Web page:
One system, with one set of rules, that doesn't have a big financial incentive to screw over patients would require far less work to navigate. As demonstrated by Canada.

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Response to jeff47 (Reply #66)

Tue Jan 26, 2016, 05:08 PM

67. It pretty much the same nowadays -- same claim form, same CPT/HCPCS codes, same diagnoses codes, etc

 

Medicare and private insurers pretty much do things the same. Heck, for Medicare, you are filing your claim with a private insurance company that the government contracts with to process claims. In fact, most private insurers nowadays have pretty much adopted Medicare billing rules.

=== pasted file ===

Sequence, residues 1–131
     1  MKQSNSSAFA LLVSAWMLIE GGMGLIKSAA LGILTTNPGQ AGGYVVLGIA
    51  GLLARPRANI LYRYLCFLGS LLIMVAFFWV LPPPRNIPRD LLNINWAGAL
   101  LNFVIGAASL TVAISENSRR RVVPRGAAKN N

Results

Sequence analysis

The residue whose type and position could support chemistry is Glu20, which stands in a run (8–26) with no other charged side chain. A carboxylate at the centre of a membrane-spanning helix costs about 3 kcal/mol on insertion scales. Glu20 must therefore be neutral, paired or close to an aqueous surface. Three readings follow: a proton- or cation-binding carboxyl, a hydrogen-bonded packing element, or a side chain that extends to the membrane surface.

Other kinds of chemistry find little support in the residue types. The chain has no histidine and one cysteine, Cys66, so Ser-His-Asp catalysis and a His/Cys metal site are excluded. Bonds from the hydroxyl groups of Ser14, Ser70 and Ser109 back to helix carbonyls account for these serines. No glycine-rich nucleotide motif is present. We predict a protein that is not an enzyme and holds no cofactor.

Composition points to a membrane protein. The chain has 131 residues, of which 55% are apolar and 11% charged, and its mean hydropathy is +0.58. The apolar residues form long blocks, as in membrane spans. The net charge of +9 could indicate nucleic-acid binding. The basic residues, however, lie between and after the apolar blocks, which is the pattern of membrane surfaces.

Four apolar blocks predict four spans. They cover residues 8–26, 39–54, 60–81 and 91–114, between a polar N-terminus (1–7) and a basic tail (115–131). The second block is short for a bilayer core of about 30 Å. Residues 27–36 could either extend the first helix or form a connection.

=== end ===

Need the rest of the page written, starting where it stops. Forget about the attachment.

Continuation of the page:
Now, if your primary care docs and all the others are willing to go on salary paid by the government, there might actually be some savings. Most aren't willing to do that. If they were, they'd be working for the VA or community health centers.

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Response to Hoyt (Reply #67)

Tue Jan 26, 2016, 05:10 PM

69. But it isn't quite the same. Each one has slightly different quirks.

Navigating those quirks adds a lot of complexity. And each one has their own dispute pathway, again adding complexity.

If you're going to claim it doesn't help, why do Canadian doctors manage to do with far fewer people in claims and billing?

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Response to jeff47 (Reply #69)

Tue Jan 26, 2016, 05:28 PM

75. Pretty much the same. The appeal process for most claims is resubmitting the claim form with medical